Cindy Sherman is a feminist postmodern photographer and part of the Pictures Generation. Sherman uses mass communication and advertising to explore feminine identity, gender roles, and power hierarchies. Acting as her own model, she adopts the costumes and makeup of female stereotypes from art history and from modern media to examine cultural representations of women.
Sherman was the youngest of five children and often assumed new identities as a way to gain attention. She graduated from State University College, Buffalo in 1976. When she relocated to New York City, where she currently lives and works, she again assumed new identities as a way of overcoming anxiety in social situations.
In 1975, she took black and white head shots of herself in 23 photos for “Untitled #479.” This sequence shows her changing from a bespectacled timid-looking girl into a flirtatious, self-assured, sophisticated young woman. Her 1977-1980 black and white “Untitled Film Stills” series simulated stills from movies made in the 1940s and 1950s. She posed for all the photographs herself, acting as both creator and subject. In each photograph there was a backdrop from a well-known movie with Sherman herself the single female figure.
Most of her best work – like “Untitled Film Stills” and her 1981 “Centerfolds” – involves compressed narratives which the viewers can decipher because they have seen the movie or read the book or fairy tale. She was not just telling a story but making a parody of female role models from her childhood, such as the ‘vamp’, the ‘good housewife’, etc.
In the 1980s, she supplemented her work with digital skills, making large-scale, color photographs of what she calls contemporary ‘characters’. She no longer posed herself but used dolls and prostheses in her “Disaster” and “Sex Pictures” series.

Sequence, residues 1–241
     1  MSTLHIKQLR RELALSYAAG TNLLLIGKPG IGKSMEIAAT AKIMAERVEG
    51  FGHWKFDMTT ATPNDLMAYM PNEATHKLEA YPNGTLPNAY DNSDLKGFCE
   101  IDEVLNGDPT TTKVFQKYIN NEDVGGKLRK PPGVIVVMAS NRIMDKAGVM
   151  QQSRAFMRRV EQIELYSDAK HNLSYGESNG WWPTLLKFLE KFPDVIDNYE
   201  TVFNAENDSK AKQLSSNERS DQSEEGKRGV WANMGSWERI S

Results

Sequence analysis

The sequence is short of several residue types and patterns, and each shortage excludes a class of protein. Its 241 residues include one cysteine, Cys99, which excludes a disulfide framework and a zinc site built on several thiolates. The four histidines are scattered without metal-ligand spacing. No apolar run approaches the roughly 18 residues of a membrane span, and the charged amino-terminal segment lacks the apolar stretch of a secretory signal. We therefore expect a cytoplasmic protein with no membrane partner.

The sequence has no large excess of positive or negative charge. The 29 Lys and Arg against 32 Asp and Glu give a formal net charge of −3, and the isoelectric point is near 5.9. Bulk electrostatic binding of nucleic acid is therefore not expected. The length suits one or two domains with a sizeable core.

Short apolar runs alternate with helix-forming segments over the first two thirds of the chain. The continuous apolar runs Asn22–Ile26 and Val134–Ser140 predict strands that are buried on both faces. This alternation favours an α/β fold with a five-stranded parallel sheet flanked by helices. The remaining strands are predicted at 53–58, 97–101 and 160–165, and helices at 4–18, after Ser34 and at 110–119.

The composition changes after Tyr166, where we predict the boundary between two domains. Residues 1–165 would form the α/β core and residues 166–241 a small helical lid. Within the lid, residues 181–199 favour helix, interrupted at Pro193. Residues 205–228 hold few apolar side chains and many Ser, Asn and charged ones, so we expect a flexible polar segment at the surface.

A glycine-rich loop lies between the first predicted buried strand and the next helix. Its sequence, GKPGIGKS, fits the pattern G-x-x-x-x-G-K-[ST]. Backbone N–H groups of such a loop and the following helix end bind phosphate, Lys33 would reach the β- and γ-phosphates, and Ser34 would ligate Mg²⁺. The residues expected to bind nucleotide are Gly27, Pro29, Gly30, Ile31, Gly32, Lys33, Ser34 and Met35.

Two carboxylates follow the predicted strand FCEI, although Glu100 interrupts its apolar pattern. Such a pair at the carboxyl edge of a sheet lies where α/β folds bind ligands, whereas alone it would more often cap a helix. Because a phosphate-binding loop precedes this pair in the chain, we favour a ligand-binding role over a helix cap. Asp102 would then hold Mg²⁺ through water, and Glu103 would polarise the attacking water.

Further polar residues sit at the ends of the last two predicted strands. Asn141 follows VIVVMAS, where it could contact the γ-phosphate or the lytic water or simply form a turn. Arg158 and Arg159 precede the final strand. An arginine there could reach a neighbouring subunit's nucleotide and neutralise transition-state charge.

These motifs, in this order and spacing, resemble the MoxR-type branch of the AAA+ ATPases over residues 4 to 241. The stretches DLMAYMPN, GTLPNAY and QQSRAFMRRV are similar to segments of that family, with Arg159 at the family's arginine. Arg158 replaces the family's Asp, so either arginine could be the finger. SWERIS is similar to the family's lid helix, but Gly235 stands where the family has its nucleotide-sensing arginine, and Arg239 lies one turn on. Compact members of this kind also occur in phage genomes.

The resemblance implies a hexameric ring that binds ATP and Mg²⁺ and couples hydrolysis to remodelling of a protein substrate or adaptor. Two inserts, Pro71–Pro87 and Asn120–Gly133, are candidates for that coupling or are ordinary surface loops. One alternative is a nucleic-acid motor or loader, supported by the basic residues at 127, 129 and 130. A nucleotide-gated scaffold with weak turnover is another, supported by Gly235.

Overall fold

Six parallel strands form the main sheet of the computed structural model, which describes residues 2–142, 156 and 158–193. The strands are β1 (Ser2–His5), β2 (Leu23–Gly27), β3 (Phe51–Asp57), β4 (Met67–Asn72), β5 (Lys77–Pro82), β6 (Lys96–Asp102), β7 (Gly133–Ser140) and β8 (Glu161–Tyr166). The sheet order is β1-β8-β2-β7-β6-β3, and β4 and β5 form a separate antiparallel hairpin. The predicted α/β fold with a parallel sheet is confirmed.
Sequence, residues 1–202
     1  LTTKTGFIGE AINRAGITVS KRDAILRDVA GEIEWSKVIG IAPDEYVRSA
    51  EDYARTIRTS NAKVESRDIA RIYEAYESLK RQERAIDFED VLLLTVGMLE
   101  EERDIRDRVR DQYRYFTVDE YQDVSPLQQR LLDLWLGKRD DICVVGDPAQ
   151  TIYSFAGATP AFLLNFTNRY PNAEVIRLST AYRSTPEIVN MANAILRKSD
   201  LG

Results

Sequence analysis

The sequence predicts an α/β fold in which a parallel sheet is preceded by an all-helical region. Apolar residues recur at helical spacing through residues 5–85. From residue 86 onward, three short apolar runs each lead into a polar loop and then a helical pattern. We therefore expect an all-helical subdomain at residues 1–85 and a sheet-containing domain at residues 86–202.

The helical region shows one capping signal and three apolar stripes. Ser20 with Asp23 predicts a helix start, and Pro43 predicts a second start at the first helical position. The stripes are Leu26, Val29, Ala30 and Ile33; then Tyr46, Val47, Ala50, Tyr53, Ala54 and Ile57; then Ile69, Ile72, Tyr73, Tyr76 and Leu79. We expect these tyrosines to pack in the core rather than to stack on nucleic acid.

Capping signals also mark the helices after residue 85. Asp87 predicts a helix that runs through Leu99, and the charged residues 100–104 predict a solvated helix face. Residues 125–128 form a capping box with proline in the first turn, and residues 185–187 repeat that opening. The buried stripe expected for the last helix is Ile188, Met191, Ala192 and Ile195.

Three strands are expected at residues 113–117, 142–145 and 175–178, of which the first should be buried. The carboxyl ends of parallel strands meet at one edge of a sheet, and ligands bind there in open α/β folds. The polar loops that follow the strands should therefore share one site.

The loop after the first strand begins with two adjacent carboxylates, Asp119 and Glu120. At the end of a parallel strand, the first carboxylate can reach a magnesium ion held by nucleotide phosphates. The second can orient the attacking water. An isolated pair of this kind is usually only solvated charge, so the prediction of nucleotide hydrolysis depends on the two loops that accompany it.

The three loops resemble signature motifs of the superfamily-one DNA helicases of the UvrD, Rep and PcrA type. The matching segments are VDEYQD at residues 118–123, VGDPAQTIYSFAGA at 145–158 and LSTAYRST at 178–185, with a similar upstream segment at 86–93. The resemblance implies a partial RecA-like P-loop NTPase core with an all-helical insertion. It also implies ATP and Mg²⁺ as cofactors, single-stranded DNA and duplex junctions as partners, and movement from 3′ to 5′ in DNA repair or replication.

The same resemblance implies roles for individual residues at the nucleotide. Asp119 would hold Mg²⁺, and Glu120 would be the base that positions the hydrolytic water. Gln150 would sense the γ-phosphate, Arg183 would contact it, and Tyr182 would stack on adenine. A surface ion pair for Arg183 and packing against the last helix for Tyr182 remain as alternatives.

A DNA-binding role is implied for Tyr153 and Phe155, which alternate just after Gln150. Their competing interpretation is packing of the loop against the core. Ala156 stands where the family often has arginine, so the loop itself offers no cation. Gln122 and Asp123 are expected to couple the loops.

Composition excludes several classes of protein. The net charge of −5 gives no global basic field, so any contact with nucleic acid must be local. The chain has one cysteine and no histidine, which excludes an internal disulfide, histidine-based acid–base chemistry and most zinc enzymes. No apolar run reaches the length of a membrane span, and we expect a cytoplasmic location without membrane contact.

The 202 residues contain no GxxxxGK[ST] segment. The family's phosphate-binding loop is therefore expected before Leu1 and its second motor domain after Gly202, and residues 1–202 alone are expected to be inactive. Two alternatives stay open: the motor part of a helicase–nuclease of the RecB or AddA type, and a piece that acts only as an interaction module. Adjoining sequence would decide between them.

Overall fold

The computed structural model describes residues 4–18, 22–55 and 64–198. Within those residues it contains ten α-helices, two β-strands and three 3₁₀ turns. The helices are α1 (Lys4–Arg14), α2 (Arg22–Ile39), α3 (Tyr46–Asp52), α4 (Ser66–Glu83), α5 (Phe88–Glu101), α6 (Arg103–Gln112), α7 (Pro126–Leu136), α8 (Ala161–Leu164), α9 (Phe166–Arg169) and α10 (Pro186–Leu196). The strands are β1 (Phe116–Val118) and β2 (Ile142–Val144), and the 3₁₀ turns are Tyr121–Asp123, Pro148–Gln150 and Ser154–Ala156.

Starting in 1989, Sherman produced a number of “History Portraits” again using herself as the model in parodies of Old Master paintings by artists such as Rembrandt, Carravagio, Botticelli, or Ingres. She played the role of male and female figures with staged props, wigs, and prostheses. She explored not only self-portraiture but the whole genre of portrait-making where a sitter’s status is conveyed by attire, education, and the ability to pay for a full-length portrait.
Sherman’s “Untitled” 2002/2008 depicts herself against a background which was photographed separately and which was often blurred to enhance the theatrical nature of the shot. Her genre also includes horror and pornography as she uses props that are both humorous and disturbing. All her works remain untitled, freeing the viewer to develop their own personal narrative. “I am trying to make other people recognize something of themselves rather than me.”
Over the course of her career, Sherman has had major solo exhibitions worldwide. She had a major retrospective at New York’s Museum of Modern Art in 2013. She has won the Guild Hall Academy of the Arts Lifetime Achievement Award in 1995 and a MacArthur Foundation Fellowship in the same year.
Her works are held in important museums collections, including the Centre Georges Pompidou, Metropolitan Museum of Art, Museum of Modern Art, and Tate Gallery among others.